South African Public Sector Workers Launch All-Out Strike

More than a million South African public sector workers started an all-out national strike for better wages and conditions on Wednesday, August 18. The present wave of strikes shows that the South African workers are not prepared to accept promises anymore and it's time for the Zuma government to deliver the change it was voted in for.

More than a million South African public sector workers started an all-out national strike for better wages and conditions on Wednesday, August 18. Hospitals and schools in particular were affected, with lively pickets closing down installations throughout the country. The unions (mainly COSATU-affiliates NEHAWU and SADTU, as well as some ILC affiliates) are demanding an above-inflation 8.6% wage rise, as well as a R1,000 housing allowance and other improvements in their conditions.

The all-out strike follows a successful one-day warning strike on August 10th, which saw 15,000 workers march in Cape Town and another 20,000 in Tshwane. The day of action led the government to revise its wage offer up to 7%, which the unions rejected as being insufficient.

At both these rallies there was a real sense of anger that the ANC government of Jacob Zuma is not delivering for the people who elected him. Zuma came to power after having won the Polokwane conference of the African National Congress in 2007. At that time, an alliance between the rank and file activists from ANC local branches, the trade unionists organised in COSATU, and the South African Communist Party, managed to defeat the right-wing clique around president Mbeki, which was widely despised as the symbol of the right-wing policies carried out by the ANC government.

The majority in the ANC and COSATU thought that the replacing Mbeki with Zuma would bring about a change in policies, but at the same time were not prepared just to wait and see. Immediately after the elections in 2009 there was a spate of strikes and protests in the poorest communities over the lack of delivery of services.

Fifteen years after the end of apartheid, South Africa is still an extremely unequal society with a massive gap between the rich and the poor (which has actually widened since the end of the old regime), and according to some studies, 70% of the population live under the poverty line. One million workers lost their jobs in 2009 when the economy contracted by 1.8%. Real unemployment stands at about 40% (the official rate is 25%).

Shortage of housing is still a chronic problem, with official government figures estimating that 2.1 million units are needed to house the 12 million people who have no decent housing and live in informal settlements. This is a big part of the current dispute of the public sector workers, many of whom do not earn enough to buy a house and do not qualify for RDP housing programmes.

There is a strong feeling amongst the workers, and particularly the trade union members, that this is their government, that they put Zuma in power and that therefore he should respond to their interests and their demands. The government, however, has launched a media offensive against public sector workers, alleging that their demands cannot be met because of lack of funds, attempting to portray the issue as one of the wages of already “privileged” workers versus services for the poor, etc.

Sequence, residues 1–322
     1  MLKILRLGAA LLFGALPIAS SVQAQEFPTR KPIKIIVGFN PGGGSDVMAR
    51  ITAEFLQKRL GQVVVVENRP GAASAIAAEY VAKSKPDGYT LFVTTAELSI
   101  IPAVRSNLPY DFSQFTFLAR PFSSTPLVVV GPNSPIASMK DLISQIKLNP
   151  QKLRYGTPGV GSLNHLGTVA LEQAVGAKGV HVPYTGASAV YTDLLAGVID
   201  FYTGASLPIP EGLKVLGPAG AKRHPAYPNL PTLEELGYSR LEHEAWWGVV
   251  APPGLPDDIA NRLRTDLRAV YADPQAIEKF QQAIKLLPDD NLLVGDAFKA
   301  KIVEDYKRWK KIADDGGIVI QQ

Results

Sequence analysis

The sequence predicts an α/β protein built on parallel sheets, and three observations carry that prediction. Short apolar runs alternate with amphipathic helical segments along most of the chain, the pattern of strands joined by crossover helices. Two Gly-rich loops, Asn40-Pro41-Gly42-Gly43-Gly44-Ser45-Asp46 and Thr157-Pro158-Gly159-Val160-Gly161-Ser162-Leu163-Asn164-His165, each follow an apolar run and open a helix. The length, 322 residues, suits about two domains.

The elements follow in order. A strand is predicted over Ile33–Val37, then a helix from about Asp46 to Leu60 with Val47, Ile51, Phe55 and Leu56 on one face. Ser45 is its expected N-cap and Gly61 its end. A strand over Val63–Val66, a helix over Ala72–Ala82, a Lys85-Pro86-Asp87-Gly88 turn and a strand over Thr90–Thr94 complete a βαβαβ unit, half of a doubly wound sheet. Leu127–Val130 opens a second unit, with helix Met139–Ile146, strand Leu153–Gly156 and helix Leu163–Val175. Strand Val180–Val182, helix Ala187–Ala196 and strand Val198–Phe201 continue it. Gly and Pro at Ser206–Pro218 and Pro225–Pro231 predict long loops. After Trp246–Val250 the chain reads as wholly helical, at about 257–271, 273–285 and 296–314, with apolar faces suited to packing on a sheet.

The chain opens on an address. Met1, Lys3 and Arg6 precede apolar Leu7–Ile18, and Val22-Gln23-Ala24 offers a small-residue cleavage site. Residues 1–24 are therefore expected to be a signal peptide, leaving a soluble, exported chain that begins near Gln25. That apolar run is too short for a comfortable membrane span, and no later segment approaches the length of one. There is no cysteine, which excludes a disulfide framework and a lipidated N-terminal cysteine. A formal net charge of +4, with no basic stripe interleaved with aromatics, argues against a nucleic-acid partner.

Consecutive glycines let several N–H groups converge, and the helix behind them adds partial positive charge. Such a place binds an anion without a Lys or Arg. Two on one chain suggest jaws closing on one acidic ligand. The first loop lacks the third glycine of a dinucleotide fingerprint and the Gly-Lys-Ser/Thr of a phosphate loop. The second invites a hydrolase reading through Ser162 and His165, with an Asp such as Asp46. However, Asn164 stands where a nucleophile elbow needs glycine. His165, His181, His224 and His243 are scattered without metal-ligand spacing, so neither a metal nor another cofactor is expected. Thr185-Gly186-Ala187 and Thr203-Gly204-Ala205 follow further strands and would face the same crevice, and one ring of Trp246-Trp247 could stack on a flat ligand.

One striking worker had this to say in response: “The president and the Ministers earn thousands, yet the person who keeps the country's wheels running, is earning peanuts. We are not able to apply for bonds, buy cars, and provide decent education for our kids due to our salary scale.”

As a matter of fact, ministers earn as much as R143,000 a month, while many public sector workers barely survive on 7,000. In an example quoted in the Times Live, Thabiso Mokoshane, 39 years of age and head of the languages department at Kensington Secondary in Devland, near Soweto, earns R13,000. But after tax deductions and making his bond repayment he only takes home about R4,000 for a family of three. These “privileged” conditions are the underlying reason for the strike.

On the first day of the strike, the government used the police against striking workers. In an incident outside a Soweto hospital, the police fired rubber bullets and used water cannons against strike pickets. The South African Democratic Teachers Union SADTU also denounced the use of rubber bullets against striking teachers in KwaZulu Natal. Trade unionists were also blocking major highways in Gauteng. Living up to the great revolutionary tradition of the South African workers, in the Greater Durban area, trade unionists organised flying pickets. Calling themselves “Bafana Bafana” (the nickname of the national football team during the recent World Cup), they moved from one place to another, shutting down government buildings and hospitals. “We have shut down St Aidan's, RK Khan, Inkosi Albert Luthuli, Addington and King Edward hospitals,” said Bafana Bafana spokesman Sivuyile Ntshoko, who is also the chairman of the King Edward branch of the National Education, Health, and Allied Workers' Union (Nehawu), as reported by Sapa news agency.